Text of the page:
Stan wanted us to see the DMM principles in Scripture so we’d be dependent on God, not on him.
Stan introduced the notion of the seven elements of “raising the sails” in our DMM training. He explained that these elements are found consistently in the lives of
ordinary believers who are successfully making disciples in these movements all over the world.
Multiply Extraordinary Prayer
One element in “raising the sails” is Multiply Extraordinary Prayer. Stan said, “Your prayer life now is ordinary for you. Add something to it to make it extraordinary for you. Keep repeating the process.” So I issued a challenge. In a message to our staff, I said, “Let’s start praying every weekday for an hour rather than just once a week, much
like they started doing in the 1857–1858 Prayer Revival under the leadership of Jeremiah Lanphier.” After that, we started praying for one hour through lunch every day and for four to five hours every Sunday night.
Jerry Trousdale, author of The Kingdom Unleashed, wrote,
If we are going to see movements in the Global North, we will need to see a new, ongoing commitment to serious, intense, persistent prayer for God to open heaven, to raise up disciple makers and church planters, to guide us to His people of peace, and to empower our work. Without that, there will be no movements.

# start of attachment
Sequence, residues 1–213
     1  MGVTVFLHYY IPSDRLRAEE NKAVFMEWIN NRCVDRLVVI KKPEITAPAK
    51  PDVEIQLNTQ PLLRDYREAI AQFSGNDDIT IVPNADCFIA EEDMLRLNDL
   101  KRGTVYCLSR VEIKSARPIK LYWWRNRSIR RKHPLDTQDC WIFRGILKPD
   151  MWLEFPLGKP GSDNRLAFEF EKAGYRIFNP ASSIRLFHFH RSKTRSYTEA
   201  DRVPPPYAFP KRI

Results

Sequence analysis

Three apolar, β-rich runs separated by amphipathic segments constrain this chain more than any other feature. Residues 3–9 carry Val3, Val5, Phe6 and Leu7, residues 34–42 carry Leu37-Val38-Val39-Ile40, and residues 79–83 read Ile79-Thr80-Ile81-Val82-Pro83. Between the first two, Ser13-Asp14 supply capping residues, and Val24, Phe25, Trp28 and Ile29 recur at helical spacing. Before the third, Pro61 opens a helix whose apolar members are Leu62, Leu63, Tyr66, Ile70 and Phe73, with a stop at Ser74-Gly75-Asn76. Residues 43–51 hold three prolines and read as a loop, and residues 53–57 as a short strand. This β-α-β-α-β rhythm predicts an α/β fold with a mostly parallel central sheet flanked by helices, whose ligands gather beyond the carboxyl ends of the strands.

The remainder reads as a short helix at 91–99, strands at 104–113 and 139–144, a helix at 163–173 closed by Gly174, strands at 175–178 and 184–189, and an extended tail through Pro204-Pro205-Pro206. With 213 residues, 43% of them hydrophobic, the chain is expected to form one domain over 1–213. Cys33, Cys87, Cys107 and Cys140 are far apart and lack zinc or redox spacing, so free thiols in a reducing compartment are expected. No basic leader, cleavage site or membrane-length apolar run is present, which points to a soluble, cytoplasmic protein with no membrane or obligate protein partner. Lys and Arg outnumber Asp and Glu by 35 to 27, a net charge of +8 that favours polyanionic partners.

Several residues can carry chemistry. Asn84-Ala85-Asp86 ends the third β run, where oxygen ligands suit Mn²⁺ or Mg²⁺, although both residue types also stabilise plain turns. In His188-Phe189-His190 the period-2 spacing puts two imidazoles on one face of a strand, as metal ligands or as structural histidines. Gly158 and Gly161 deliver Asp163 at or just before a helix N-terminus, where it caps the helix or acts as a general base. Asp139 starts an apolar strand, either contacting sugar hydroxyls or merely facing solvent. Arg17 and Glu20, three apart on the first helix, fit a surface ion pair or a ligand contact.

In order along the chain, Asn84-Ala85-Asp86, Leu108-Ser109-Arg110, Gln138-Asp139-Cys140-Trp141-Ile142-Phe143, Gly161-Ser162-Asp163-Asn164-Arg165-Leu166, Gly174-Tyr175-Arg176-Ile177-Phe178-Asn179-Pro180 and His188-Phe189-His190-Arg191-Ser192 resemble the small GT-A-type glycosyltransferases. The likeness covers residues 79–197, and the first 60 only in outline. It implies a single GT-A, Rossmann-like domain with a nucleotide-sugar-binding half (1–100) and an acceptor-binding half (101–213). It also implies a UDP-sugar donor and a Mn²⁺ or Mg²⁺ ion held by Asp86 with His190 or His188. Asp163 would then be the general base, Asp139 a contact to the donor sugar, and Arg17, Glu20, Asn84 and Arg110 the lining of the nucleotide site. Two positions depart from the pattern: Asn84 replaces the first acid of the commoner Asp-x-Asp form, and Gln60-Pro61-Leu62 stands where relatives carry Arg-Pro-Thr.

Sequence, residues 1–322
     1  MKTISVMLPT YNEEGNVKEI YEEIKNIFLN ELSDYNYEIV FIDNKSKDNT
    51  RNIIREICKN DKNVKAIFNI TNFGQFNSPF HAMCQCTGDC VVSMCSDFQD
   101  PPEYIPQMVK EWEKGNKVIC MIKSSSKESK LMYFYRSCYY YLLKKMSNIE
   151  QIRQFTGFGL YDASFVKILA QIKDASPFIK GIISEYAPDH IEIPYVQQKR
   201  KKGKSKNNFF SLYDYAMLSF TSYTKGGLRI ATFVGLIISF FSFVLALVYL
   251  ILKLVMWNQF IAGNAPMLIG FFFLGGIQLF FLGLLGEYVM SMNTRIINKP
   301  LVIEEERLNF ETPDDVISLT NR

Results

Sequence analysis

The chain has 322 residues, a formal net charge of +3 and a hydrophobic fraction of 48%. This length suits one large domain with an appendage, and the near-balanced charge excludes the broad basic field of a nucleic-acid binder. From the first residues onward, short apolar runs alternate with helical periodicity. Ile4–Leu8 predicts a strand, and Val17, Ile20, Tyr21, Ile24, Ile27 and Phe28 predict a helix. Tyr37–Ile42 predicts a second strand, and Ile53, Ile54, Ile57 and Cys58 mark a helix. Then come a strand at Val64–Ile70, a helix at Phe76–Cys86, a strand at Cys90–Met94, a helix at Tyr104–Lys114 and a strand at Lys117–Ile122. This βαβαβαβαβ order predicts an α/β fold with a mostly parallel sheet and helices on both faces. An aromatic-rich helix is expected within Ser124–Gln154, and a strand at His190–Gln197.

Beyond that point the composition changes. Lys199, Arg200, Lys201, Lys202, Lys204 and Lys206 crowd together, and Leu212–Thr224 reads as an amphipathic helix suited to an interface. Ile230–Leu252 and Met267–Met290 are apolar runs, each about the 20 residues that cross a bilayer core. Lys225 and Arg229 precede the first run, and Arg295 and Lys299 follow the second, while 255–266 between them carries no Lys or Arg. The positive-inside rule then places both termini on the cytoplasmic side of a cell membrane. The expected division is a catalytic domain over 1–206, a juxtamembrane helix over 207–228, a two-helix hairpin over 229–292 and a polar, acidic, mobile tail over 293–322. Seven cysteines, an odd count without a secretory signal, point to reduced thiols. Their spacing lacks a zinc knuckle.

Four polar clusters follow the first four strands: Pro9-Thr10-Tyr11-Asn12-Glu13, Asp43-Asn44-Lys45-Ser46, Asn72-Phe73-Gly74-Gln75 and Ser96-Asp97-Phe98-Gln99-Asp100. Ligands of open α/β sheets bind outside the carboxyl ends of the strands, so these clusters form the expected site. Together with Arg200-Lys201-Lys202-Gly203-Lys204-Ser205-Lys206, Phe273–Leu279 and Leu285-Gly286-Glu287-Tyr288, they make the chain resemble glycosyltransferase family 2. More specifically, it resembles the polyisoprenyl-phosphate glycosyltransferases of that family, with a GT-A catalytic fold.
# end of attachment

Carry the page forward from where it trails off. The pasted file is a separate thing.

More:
Go Out Among the Lost
Another element in “raising the sails” that Stan introduced to us is Go Out Among the Lost. Inspired by a story in Steve Addison’s book What Jesus Started, I contacted a friend of mine who was a Lubbock police officer and asked, “What neighborhoods are known to be the most dangerous in our city?” We were prompted to ask this question because one of the DMM principles we learned is to expect the hardest places to yield the greatest results and Steve shared a story about this in his book. We started prayer walking one of those difficult neighborhoods. See the story, “Knocking on Doors” in the article “Reaching the “PIPSY” People.
Nine months prior to our 10 year anniversary, we started casting vision to people in our church whom we thought might be interested in participating in DMM training.
One of the great tragedies of the American church model, and it’s happened at our church too, is an attitude that results in suppressing the gifts, ambitions and callings of
ordinary believers. Churchgoers don’t typically hear the term disciple-maker and think, “that’s me!” or hear the term church-planter and think, that’s me!”